The overall cinematography is well-lit and generally very seventies, not too many dark corners or corridors which gives the story of authenticity that a spookier setting would not given the time period and I particularly enjoyed one on location scene with Bates and Geeson are at a rather uninspiring and drab Granada service station, getting into their brown and boxy car. This is Britain, there is no mistaking that.
The sets are effective with the school empty, and everything mothballed for the summer holidays, dustsheets everywhere, not exactly spooky but good foreshadowing, I once worked in boarding school in the summer holidays that was in exactly that condition, Peggy and Bob’s cottage in the grounds is massive and Bob’s summer term job as a teacher is extremely cushty. Nothing is untoward in the ‘what you see the actors walk and run through’ imagery but there is enough there to raise a wry smile.
The screenplay is palpable nonsense the longer it goes on and is easily the weakest point if you are in possession of the plot-hole lorry you will not even scrape the sides as you drive it through the holes. Probably due to budget restraints I got the feeling of a product finished by not varnished. From the start we are jumping about timelines, but then that idea is forgotten, there is a framing narrative of Geeson’s character Peggy talking through events before, or after the story’s events we do not really know, with a psychiatrist, she had a ‘nervous breakdown’, that seemed to be going somewhere, with possibly a huge shock reveal at the end, this stops entirely halfway through the film.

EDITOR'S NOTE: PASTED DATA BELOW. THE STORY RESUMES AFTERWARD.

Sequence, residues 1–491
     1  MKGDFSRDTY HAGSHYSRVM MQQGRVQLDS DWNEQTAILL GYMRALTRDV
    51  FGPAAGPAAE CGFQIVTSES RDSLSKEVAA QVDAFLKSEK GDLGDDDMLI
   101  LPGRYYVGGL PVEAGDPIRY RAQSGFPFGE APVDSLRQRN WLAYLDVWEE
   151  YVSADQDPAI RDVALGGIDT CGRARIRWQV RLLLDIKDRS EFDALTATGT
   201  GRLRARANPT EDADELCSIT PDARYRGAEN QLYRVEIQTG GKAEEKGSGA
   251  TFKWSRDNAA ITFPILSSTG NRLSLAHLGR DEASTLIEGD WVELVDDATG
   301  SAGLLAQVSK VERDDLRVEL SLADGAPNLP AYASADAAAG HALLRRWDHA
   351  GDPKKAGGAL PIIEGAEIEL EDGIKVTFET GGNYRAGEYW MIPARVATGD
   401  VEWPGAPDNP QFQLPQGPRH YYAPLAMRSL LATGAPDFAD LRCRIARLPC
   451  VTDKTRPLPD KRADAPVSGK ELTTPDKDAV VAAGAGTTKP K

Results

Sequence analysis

The acting carries this film through, Geeson in particular is very believable in her emotions and expressions throughout, apart from one very silent-film reaction near the end, which was probably directing instructions, Bates and Cushing are good, although perhaps Bates’ is easy to ‘suss out’ early on, as is Collins who plays a variant of some of her later film and TV productions characters. So much so when you are introduced to her character halfway through the film you know you would say ‘What the heck are you on about?’ but we are in filmland here, not real life.
As a suspense thriller Fear in the Night works, the word suspense also working for your disbelief too as situations that arise the longer the film goes on get too silly.
I particularly enjoyed some ADR where actor’s voices were noticeably clear and precisely spoken but the foley was better, the Land Rover used sounded as if it had a bang of hammers for an engine.
My two favourite questions are, why the rabbit in the wood is full of red wax and who the heck was the groundsman?
As I have already stated this is Hammertasticly enjoyable, no gore or overt violence, and a ‘who is doing what to who and why’ plot but depending on your viewing habits, and I would imagine people reading this watch a lot of films, there is nothing, and I mean nothing, that is going to come as surprise or shock to you. Particularly near the end.
Watch it for fun, watch it for a tightly plotted little thriller that runs at just over half an hour and does what it sets out to and then ends. If only films nowadays were more like that.